Where the Past Is Present… Where the Arts Are Alive

Evening with an Expert – Battle Town

This past fall, FAMCC’s Evening with an Expert lecture series focused on Fredericksburg as a battle town during the Civil War. The series featured three prominent local Civil War historians exploring how the Civil War affected the region from secession to the Battle of Fredericksburg. Here are recordings of the lectures.

Dr. Jeffrey W. McClurken
Chair and Associate Professor of History and American studies at the University of Mary Washington

His lecture entitled, Leading Up to the Battle of Fredericksburg: National and Local Perspectives, explores the national-level political situation for the Union and Confederacy and local perceptions in the months leading up to Battle of Fredericksburg.  The voices of politicians, generals, journalists, and average Virginians will set the stage for Fredericksburg becoming the focal point for the December 1862 battle.

Leading up to the Battle of Fredericksburg: National and Local Perspectives,

John Hennessy
Chief Historian, Fredericksburg & Spotsylvania National Military Park

Explores the days and months following the Battle of Fredericksburg–the ordeal of the wounded and the struggle of a community damaged both physically and emotionally to recover in his lecture entitled, After the Guns: The Aftermath of Fredericksburg.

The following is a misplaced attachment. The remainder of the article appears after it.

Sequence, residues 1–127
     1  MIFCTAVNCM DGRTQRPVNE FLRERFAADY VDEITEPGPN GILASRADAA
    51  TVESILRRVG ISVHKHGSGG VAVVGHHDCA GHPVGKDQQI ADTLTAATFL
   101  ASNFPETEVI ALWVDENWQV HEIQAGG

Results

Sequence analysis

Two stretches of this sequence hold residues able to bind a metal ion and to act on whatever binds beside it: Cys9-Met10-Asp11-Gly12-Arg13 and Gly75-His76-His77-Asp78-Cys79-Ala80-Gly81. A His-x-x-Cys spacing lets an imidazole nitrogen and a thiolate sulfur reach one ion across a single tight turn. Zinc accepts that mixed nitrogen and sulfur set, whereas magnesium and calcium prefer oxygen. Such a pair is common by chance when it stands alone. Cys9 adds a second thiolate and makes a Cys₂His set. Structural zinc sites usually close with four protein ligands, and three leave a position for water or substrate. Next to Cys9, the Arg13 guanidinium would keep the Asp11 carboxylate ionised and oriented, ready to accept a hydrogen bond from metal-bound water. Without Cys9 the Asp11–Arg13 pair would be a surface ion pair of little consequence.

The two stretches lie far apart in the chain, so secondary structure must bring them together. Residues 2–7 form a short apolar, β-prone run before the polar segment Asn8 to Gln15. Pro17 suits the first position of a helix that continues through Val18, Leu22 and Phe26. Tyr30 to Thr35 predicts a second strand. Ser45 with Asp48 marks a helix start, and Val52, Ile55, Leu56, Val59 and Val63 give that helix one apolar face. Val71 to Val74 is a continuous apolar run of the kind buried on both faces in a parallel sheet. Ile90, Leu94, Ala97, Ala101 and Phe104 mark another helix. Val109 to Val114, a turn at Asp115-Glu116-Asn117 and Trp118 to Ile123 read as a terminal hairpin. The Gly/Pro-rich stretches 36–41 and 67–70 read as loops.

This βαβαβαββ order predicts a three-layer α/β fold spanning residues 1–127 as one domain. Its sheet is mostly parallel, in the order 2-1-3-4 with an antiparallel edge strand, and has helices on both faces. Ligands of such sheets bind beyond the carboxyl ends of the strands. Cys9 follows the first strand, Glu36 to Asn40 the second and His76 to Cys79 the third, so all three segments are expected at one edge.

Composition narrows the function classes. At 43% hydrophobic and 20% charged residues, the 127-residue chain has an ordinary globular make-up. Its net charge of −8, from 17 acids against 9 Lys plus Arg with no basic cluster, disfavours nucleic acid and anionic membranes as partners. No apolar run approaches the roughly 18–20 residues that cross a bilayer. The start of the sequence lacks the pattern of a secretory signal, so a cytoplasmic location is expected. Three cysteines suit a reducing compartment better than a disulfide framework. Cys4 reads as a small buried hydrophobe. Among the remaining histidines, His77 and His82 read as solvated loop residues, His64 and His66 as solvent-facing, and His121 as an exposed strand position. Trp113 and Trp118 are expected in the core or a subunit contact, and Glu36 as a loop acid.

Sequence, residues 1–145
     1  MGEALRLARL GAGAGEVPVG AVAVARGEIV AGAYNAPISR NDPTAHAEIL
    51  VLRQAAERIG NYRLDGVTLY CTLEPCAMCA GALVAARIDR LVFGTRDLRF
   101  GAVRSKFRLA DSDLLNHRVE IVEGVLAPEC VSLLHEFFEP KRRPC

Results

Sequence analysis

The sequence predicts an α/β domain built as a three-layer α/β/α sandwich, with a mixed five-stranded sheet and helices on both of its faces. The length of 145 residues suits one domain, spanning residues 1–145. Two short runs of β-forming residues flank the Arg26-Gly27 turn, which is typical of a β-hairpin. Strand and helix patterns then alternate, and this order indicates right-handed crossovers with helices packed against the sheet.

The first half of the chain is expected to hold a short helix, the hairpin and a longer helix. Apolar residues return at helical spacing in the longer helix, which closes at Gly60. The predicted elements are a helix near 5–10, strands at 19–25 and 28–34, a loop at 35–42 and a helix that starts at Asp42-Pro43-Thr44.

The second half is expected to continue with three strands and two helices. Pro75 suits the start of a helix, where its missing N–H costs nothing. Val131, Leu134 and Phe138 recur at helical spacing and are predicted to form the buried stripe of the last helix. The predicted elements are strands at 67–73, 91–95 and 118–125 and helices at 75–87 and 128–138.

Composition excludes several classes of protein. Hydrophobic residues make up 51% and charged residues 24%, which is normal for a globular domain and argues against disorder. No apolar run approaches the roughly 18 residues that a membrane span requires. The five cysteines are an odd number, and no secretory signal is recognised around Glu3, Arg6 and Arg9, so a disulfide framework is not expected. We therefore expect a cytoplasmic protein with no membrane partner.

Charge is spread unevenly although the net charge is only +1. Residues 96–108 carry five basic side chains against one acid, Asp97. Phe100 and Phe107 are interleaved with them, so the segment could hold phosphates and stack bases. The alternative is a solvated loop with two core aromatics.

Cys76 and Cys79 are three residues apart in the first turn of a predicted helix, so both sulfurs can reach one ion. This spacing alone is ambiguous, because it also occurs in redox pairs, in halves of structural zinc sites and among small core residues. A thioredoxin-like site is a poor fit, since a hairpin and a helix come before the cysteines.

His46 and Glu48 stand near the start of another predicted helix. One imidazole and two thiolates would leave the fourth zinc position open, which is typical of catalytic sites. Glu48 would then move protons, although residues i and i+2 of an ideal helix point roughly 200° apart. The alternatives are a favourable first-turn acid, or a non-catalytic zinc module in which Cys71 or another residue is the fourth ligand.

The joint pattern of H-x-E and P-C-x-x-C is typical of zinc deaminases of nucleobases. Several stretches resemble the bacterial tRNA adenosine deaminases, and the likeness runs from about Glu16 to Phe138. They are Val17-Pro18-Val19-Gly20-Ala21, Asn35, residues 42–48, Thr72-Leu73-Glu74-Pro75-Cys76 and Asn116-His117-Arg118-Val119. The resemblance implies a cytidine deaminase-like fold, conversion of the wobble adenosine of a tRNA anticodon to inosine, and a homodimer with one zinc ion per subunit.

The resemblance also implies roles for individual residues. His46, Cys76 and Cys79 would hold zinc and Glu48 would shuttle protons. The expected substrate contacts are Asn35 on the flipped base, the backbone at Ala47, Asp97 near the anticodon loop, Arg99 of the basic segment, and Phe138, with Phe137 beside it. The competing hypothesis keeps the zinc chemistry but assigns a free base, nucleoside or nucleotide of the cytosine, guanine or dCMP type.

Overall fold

After the Guns: The Aftermath of Fredericksburg,

Frank O’Reilly
Historian, Fredericksburg & Spotsylvania National Military Park

Considered to be one of the premier historians of the battle, his lecture, War Comes to Fredericksburg explores the Battle of Fredericksburg from the prospective of the soldiers who fought during the battle and the citizens who witnessed it. Frank O’Reilly remarks, “In 1862, Fredericksburg witnessed the gathering of thousands of soldiers from every corner of the Union and Confederacy—who fought and died in a strange land along the Rappahannock River.  Thousands of these soldiers fell transforming Fredericksburg’s backyards into battlefields—and making an indelible mark in the nation’s history.”

War Comes to Fredericksburg,